Objective: Increased translocator protein (TSPO), previously known as the peripheral benzodiazepine receptor (PBR), in glial cells of the brain has been used as a neuroinflammation marker in the early and middle stages of neurodegenerative diseases, such as Alzheimer’s disease (AD) and Dementia with Lewy Bodies (DLB). In this study, we investigated the changes in TSPO density with respect to late stage AD and DLB. Methods: TSPO density was measured in multiple regions of postmortem human brains in 20 different cases: seven late stage AD cases (Braak amyloid average: C; Braak tangle average: VI; Aged 74–88, mean: 83 ± 5 years), five DLB cases (Braak amyloid average: C; Braak tangle average: V; Aged 79–91, mean: 84 ± 4 years), and eight age-matched normal control cases (3 males, 5 females: aged 77–92 years; mean: 87 ± 6 years). Measurements were taken by quantitative autoradiography using [3H]PK11195 and [3H]PBR28. Results: No significant changes were found in TSPO density of the frontal cortex, striatum, thalamus, or red nucleus of the AD and DLB brains. A significant reduction in TSPO density was found in the substantia nigra (SN) of the AD and DLB brains compared to that of age-matched healthy controls. Interpretation: This distinct pattern of TSPO density change in late stage AD and DLB cases may imply the occurrence of microglia dystrophy in late stage neurodegeneration. Furthermore, TSPO may not only be a microglia activation marker in early stage AD and DLB, but TSPO may also be used to monitor microglia dysfunction in the late stage of these diseases.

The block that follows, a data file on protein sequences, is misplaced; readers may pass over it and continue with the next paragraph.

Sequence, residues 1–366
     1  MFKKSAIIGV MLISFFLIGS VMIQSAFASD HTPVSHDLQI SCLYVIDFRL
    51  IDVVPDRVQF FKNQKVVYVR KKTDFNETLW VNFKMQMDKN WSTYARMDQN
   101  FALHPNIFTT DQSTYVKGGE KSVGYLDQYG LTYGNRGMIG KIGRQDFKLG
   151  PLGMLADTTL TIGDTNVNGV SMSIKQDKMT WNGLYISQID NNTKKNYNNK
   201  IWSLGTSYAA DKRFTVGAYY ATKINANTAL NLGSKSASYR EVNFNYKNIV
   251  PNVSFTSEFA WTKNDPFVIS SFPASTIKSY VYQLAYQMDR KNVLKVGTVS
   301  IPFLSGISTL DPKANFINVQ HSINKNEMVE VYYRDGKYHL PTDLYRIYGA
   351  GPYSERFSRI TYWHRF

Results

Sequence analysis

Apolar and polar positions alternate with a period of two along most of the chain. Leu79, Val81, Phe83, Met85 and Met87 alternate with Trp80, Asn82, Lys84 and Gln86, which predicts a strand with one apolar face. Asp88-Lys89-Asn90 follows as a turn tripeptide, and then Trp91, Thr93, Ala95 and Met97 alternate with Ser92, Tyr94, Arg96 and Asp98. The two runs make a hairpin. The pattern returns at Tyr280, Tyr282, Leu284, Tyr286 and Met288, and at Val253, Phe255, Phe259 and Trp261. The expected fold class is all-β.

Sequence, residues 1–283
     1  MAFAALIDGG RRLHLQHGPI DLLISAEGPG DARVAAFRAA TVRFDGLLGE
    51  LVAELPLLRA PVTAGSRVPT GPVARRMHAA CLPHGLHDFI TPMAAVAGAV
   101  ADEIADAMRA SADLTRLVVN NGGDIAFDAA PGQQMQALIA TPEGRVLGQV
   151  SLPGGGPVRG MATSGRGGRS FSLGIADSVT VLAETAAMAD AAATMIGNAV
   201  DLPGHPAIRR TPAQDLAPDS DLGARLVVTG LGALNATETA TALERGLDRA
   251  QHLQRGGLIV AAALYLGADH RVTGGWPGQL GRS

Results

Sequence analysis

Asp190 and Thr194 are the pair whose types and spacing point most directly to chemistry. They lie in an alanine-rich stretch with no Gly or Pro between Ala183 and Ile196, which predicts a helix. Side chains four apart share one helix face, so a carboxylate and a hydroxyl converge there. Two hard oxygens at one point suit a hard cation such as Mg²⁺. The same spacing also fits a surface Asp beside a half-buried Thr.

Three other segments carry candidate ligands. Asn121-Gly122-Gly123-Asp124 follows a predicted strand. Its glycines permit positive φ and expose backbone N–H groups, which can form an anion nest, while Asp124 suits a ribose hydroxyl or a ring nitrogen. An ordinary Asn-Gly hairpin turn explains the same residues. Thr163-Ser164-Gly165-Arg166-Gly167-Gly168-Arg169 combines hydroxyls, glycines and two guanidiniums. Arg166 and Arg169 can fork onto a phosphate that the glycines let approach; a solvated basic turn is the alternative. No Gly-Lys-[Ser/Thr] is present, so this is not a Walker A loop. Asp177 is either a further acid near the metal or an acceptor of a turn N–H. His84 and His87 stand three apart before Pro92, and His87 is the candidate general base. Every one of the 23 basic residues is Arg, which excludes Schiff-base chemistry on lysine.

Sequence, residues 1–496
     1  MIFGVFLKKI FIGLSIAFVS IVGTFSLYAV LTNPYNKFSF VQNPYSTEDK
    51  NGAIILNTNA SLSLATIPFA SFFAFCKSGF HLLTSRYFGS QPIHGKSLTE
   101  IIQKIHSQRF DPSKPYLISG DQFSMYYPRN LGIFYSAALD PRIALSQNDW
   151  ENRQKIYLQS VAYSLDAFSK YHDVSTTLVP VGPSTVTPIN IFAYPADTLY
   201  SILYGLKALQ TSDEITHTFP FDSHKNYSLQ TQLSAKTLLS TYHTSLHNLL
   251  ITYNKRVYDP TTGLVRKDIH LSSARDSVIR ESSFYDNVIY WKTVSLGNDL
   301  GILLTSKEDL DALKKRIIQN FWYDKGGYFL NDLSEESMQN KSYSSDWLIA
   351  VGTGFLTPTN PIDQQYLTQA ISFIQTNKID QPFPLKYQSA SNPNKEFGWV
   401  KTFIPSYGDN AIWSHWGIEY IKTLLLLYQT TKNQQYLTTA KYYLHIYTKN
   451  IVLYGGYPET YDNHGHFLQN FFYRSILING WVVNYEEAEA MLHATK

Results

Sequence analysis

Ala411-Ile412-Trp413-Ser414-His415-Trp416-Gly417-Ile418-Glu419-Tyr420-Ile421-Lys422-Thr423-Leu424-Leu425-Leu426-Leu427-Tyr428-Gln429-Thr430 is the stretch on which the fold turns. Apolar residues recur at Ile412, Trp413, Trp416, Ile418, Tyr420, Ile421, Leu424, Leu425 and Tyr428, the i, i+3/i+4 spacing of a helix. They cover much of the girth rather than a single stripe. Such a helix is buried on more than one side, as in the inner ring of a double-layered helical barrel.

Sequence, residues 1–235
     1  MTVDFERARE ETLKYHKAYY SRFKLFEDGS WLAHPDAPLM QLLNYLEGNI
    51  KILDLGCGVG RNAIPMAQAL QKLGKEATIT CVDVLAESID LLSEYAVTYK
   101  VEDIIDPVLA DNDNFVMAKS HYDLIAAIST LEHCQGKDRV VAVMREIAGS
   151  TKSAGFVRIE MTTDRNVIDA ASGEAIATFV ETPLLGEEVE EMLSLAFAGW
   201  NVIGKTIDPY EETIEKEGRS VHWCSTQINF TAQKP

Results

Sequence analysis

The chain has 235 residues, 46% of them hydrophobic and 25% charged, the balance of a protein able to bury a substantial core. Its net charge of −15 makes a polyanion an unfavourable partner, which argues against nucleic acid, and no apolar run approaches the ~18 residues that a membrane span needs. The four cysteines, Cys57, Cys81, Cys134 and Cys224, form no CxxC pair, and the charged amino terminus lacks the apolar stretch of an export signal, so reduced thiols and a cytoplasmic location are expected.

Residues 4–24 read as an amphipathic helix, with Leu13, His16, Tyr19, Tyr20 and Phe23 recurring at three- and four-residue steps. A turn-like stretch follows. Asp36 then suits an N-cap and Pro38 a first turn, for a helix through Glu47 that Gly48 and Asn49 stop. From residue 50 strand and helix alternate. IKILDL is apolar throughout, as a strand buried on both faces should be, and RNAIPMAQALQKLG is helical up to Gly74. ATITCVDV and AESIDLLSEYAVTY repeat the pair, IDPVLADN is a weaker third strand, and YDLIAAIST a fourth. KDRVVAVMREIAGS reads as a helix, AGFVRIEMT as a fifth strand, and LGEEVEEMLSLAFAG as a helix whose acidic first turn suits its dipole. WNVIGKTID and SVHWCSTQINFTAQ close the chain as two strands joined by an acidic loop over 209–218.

Original languageEnglish
Pages (from-to)1423-1434
Number of pages12
JournalAnnals of Clinical and Translational Neurology
Issue number8
StatePublished - 2019


Dive into the research topics of 'Translocator protein in late stage Alzheimer’s disease and Dementia with Lewy bodies brains'. Together they form a unique fingerprint.

Cite this